a former law school friend of Mr. Obama, has worked closely with the White House on the issue. Official visitor logs show he’s had at least 11 personal meetings with the president.
The net neutrality vision for government regulation of the Internet began with the work of Robert McChesney, a University of Illinois communications professor who founded the liberal lobby Free Press in 2002. Mr. McChesney’s agenda? “At the moment, the battle over network neutrality is not to completely eliminate the telephone and cable companies,” he told the website SocialistProject in 2009. “But the ultimate goal is to get rid of the media capitalists in the phone and cable companies and to divest them from control.”
A year earlier, Mr. McChesney wrote in the Marxist journal Monthly Review that “any serious effort to reform the media system would have to necessarily be part of a revolutionary program to overthrow the capitalist system itself.” Mr. McChesney told me in an interview that some of his comments have been “taken out of context.” He acknowledged that he is a socialist and said he was “hesitant to say I’m not a Marxist.”
Fund laid out the campaign in some detail, including the creation of “a network of liberal foundations that helped the lobby invent the purported problem that net neutrality is supposed to solve. They then fashioned a political strategy similar to the one employed by activists behind the political speech restrictions of the 2002 McCain-Feingold campaign-finance reform bill.” When the campaign was over, as he summarized, the so-called media reform movement had “paid for research that backed its views, paid activists to promote the research, saw its allies installed in the FCC and other key agencies, and paid for the FCC research that evaluated the research they had already paid for. Now they have their policy. That’s quite a coup.”
Power grabs, as noted, don’t just happen. When President Obama was not able to get what would have been disastrous “cap-and-trade” legislation though Congress last year — and lost many of his supporters in the subsequent elections — he was hardly derailed. The day after the voting, Obama said: “Cap-and-trade was just one way of skinning the cat; it was not the only way. It was a means, not an end.” So now regulators will regulate CO2 emissions, deciding how much carbon dioxide — the very air that human beings breathe out — will be allowed since it has been deemed harmful to human health.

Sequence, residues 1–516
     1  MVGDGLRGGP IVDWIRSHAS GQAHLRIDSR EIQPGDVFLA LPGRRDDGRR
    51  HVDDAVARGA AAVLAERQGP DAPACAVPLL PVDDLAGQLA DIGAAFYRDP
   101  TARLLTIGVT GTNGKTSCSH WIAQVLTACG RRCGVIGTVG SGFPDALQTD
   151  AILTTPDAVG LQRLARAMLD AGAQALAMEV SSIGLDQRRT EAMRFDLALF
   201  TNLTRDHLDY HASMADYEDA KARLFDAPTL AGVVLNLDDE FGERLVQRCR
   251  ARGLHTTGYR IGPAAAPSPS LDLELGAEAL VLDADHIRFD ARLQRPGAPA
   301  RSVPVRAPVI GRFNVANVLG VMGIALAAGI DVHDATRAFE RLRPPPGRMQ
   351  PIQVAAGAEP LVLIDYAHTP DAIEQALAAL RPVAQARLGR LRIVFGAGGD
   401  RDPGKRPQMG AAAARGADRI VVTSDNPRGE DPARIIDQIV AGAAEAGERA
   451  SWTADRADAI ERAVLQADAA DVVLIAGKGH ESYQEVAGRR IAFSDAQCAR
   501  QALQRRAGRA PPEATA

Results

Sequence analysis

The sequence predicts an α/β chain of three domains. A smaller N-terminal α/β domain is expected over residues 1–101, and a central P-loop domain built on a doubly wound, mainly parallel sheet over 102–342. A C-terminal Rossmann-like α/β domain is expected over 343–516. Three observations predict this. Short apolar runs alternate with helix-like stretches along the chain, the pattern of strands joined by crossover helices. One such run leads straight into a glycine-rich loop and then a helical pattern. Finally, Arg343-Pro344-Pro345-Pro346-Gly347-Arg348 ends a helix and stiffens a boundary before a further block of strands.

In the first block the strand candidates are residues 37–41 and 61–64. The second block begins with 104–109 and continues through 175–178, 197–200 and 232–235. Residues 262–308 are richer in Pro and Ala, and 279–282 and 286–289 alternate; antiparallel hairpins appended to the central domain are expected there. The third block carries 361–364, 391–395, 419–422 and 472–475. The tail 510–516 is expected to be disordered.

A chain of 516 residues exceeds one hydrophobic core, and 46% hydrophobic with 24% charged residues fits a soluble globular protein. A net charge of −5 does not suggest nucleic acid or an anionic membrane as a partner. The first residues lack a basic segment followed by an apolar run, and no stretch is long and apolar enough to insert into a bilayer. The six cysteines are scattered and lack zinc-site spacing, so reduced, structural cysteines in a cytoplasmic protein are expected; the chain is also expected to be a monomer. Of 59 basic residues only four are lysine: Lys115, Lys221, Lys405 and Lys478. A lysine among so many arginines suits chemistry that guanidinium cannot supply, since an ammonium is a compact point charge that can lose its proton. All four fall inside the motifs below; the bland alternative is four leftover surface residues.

Other regulators are issuing orders that demand that automobiles must get 62 miles per gallon in 14 years. Yet others are placing vast tracts of land off-limits to development regardless of the need or the enormous resources they possess. Such areas include the Green River Formation of oil shale deposits in Utah and Wyoming, which have the equivalent of an estimated 1.5 trillion barrels of oil.
The Interior Department is seeking a way around Congress, points out Peter Wilson in the American Thinker. The department need only “designate a ‘Wilderness Study Area,’ which places the land off-limits until Congress comes to a decision about its status.” The department could “potentially close off Green River to any commercial activity unless Congress takes action” and can even rescind leases already granted — which adds “insecurity to companies considering investing in oil shale development.”
The editors of the New York Times see this deployment of executive power, unsurprisingly, as “a very welcome move.”
The Justice Department in the Obama administration argues that the Clean Air Act requires that the EPA set climate rules. Never mind that the Congress thought otherwise. The administration would find another excuse if necessary, but it should be a lesson to those in Congress who give broad and vague powers to a regulatory agency and then step away from the table. (It should also be noted that the EPA itself was created by Republican President Richard Nixon, trying to curry favor from the Left.) As Andrew McCarthy has written in National Review Online: “Under the 40-year-old Clean Air Act — legislation passed in a very different era, under very different assumptions — this endangerment finding is a pretext for government’s administrative juggernaut to impose ruinous curbs on all CO2 emitters, everything from large factories to small homes.”
The president of the West Virginia Coal Association, Bill Raney, has observed, “This is arrogant and wrong! It is essentially a way of saying: ‘in your face, Congress!’” (Charleston Daily Mail, December 23, 2010)
Meanwhile, the United States’ percentage of emissions globally is shrinking — even as China’s emissions are expected to double in a decade and India’s to triple over that period. But facts have little meaning to agencies that believe they can do whatever they please and don’t report to the people.
We don’t have to take this treatment. Congress can be pushed to withhold funding to agencies if they don’t have the votes to eliminate them. And the Congressional Review Act permits lawmakers to assess and, if necessary, overrule government administrative regulations. To be sure, it is never easy to overturn the status quo, and regulators and the executive branch will fight for every inch they have grabbed. But we can’t escape the responsibilities of tomorrow by evading them today.
— Photo: AP Images